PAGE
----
Summary: Multiple rock engraving sites are located along and around the Milyerra Road Fire Trail in Kariong (in the Brisbane Water National Park)

There are numerous Aboriginal engraving sites along the Milyerra Road Fire Trail in Brisbane Water National Park. Ten of these sites were recorded as a series (Group 167) by Ian Sim in 1969, which are “distributed along an easterly running spur”.

Group 167 Series 1

A faint and weathered Aboriginal angraving of a man with upstretched arms.

AWAT7882 LR stitch Aboriginal engravings along the Milyerra Road Trail (Brisbane Water)

Group 167 Series 2

Also quite faint or weathered engraving, this Aboriginal rock engraving is of a man with upstretched arms, and no penis.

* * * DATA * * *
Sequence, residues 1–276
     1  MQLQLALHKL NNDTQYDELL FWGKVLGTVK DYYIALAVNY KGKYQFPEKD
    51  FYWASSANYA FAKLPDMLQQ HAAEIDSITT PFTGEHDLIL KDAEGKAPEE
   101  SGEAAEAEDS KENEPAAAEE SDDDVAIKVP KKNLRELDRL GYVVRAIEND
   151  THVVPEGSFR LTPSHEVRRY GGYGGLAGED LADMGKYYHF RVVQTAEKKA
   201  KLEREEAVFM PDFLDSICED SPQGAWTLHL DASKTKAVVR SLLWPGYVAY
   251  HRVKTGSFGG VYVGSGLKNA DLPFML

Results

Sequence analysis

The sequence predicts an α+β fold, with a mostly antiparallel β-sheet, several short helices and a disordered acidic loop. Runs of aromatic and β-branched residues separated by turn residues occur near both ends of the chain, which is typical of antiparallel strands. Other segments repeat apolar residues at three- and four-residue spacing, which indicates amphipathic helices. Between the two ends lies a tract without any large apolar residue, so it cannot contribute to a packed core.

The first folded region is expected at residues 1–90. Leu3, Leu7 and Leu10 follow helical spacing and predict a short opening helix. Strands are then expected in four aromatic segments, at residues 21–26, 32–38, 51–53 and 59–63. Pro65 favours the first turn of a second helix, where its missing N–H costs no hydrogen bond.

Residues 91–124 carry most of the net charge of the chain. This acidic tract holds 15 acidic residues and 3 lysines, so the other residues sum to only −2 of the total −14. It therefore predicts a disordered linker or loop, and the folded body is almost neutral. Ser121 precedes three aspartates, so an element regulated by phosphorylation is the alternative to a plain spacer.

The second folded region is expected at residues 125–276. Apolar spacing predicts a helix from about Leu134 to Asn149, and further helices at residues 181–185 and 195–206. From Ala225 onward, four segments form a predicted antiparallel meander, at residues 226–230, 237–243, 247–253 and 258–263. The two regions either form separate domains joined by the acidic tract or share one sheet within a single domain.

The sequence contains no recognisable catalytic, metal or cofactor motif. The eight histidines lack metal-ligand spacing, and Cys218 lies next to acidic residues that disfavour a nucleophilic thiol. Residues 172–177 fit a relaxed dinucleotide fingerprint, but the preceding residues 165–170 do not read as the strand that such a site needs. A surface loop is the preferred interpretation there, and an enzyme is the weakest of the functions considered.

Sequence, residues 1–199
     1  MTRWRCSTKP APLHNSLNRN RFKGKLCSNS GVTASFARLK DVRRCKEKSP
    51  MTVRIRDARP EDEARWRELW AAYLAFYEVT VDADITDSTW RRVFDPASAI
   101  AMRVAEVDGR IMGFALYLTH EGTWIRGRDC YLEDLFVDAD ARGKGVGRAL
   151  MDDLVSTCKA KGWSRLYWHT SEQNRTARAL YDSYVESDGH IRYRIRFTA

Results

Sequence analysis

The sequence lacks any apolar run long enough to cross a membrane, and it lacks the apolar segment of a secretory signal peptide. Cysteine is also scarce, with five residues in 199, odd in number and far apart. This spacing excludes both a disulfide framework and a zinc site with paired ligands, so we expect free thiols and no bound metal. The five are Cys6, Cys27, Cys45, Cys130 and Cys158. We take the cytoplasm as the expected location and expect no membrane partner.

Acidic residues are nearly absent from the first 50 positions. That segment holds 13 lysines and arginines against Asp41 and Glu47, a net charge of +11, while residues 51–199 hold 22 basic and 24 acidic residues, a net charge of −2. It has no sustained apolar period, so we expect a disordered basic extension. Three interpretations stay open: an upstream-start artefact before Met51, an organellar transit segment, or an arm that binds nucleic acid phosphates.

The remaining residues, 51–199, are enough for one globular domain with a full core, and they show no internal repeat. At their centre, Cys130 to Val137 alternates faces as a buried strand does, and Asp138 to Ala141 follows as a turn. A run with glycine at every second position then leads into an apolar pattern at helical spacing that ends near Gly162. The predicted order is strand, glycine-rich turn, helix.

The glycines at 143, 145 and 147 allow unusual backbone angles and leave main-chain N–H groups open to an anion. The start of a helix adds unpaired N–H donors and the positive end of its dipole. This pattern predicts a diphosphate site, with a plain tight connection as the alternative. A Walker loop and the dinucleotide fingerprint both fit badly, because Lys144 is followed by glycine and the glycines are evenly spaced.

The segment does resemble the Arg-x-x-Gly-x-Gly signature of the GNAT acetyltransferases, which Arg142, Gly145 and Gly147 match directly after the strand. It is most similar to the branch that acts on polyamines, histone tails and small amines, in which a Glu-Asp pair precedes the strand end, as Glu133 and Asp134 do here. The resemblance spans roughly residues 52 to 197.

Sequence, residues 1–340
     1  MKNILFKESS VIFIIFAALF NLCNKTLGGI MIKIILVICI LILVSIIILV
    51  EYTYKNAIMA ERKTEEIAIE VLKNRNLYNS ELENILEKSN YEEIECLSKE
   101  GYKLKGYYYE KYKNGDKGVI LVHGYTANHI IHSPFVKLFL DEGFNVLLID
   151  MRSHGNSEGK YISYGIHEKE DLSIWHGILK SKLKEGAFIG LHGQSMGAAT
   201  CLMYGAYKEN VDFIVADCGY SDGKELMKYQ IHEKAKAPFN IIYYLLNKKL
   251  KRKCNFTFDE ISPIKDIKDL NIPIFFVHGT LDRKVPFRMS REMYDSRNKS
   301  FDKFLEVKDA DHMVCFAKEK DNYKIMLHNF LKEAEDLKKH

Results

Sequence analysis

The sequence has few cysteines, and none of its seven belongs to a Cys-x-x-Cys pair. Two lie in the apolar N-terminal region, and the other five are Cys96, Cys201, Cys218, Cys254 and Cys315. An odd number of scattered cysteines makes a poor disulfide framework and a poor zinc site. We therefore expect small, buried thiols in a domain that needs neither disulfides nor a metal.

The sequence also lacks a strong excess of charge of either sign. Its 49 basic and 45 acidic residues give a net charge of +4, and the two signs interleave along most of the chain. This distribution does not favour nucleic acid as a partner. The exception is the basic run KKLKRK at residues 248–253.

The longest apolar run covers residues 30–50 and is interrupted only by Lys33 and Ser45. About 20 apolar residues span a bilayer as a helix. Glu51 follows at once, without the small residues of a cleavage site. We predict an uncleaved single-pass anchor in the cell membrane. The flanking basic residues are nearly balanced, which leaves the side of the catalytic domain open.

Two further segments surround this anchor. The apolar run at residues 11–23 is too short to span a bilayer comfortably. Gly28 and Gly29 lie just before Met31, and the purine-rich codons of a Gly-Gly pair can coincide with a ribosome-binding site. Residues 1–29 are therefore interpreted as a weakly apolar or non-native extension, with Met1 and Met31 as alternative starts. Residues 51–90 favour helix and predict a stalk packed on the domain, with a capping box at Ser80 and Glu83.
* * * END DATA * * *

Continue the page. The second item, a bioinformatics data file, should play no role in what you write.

AWAT0502 LR Aboriginal engravings along the Milyerra Road Trail (Brisbane Water)

Group 167 Series 3

Not far from the man is is a large kangaroo, which is abraded. This engraving was also recorded much earlier (in 1899) by W.D. Campbell, as Plate 27 Fig 2.

awat7876 lr Aboriginal engravings along the Milyerra Road Trail (Brisbane Water)awat7877 lr Aboriginal engravings along the Milyerra Road Trail (Brisbane Water)

Group 167 Series 4

On the same rock platform as Series 3 is an enormous whale with two tranverse lines across its body, measuring 40 feet in length.

awat7738 lr Aboriginal engravings along the Milyerra Road Trail (Brisbane Water)

Group 167 Series 5

Beyond the whale and kangaroo is a long but narrow rock ledge, which has a small waterhole. It has number of engravings – many of which are almost impossible to make out – as well as three axe grinding grooves. A small engraving of a bird (there are two birds; the other is much fainter) is very clear.